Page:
Monday, November 7, 2011

Culinary Musings, Professional Disconnect

I've seen a problem recently in a good portion of the kitchens in Chicago.  Let me see if you catch on.  Let's say you used to work at the now closed restaurant, Red Light.  In the morning, prep cooks would set up the stations for the evening and evening line cooks would work the night's service, perhaps getting to work between 3 or 4 pm.  So you learn the fish station and you cook the fish orders for a busy Friday or Saturday night.  You finish working there and you come to see me or a fellow chef and put on your resume, "Fish Cook".

We ask you to butcher a whole striped bass. 

You look at me or my chef friend and say, "I've never done that before," with a confused look on your face.  You can cook it, but you can't deal with it otherwise.

This is a way more common occurence than I'd like to believe.  It also causes something I'd like to call, "professional disconnect".  This happens when we lose respect for an item, because we don't handle it from the earlier stages of its conception.  If a prep cook sets you up with 30 individual lasagnas every day and you burn 6 by accident do you care at the end of the day?  The answer is no, sadly.  But if you had to make those 30 lasagnas in the first place you'd be a hundred times less likely to effing burn them on pick up.  It's worse when it's been a living breathing life that gave its carbon up for you.  If you burn a steak, you dishonor a steer's very memory with your actions if it has to be tossed into the garbage.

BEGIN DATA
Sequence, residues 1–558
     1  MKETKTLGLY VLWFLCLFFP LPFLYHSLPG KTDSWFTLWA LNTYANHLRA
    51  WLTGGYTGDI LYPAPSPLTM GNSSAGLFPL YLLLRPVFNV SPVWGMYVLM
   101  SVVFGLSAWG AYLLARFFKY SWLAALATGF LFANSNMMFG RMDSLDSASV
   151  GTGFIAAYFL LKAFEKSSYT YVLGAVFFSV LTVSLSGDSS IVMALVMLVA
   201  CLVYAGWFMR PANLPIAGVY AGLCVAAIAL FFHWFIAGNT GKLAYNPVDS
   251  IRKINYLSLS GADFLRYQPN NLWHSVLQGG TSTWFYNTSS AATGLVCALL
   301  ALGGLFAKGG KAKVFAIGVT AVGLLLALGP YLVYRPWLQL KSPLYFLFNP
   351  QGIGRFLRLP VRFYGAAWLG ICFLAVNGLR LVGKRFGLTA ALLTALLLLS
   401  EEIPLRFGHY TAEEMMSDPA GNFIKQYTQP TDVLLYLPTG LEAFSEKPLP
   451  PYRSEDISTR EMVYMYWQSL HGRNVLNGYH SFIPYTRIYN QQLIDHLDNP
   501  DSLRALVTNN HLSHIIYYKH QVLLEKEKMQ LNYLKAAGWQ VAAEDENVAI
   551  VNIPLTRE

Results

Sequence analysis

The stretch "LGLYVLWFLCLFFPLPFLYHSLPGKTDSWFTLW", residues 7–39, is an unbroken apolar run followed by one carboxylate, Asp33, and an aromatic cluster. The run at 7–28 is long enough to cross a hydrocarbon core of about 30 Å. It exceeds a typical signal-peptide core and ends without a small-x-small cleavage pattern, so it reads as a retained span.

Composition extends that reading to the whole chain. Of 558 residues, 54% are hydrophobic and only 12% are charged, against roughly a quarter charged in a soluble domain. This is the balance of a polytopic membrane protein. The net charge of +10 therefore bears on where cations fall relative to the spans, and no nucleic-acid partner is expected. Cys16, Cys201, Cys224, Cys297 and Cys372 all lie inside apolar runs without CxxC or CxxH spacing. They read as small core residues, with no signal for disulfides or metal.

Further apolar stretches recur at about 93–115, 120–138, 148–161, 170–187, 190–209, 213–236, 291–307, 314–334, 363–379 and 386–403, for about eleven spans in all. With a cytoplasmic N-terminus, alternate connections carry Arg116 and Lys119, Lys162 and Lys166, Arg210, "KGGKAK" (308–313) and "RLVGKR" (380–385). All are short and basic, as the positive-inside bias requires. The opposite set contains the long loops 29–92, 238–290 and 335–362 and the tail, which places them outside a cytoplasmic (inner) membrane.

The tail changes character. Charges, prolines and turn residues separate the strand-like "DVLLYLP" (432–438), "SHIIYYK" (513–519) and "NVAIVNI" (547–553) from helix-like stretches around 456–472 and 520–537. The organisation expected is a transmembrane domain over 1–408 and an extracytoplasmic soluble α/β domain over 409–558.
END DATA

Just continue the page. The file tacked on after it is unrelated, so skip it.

No one likes more work for themselves.  Everyone is at least a little lazy and that's what drives us to find different ways of approaching problems or tasks on occasion.  And unless you can catch every overcooked bass or burnt lasagna, look for areas of professional disconnect. Chefs, make a connection by forcing the other cook into the prep cook's shoes every once in a while, it'll help us all in the long run.  You're only as good as the cooks that cook your food.  And I'll probably get your line cooks someday and judge you accordingly.  Respect the food, the process, and we'll respect you.

This whole idea of a "disconnect" also applies to how the general populace views its food.  We don't raise the chickens that we eat ourselves anymore or live next to someone who does, for the most part.  Exceptions occur, but have you ever killed something you've then cooked & then eaten?  Have you seen how your dinner or lunch lived and breathed before you ate it?  People make foie gras out to be a demon on occasion, but those ducks or geese live insanely better than chicken or even cattle raised for slaughter in the U.S., hands down.

Screwed up, isn't it?  If we could all reconnect with that one vital step as consumers, the whole process could change for the better without being steered by lobbyist propaganda.  That'd be something to see, wouldn't it?

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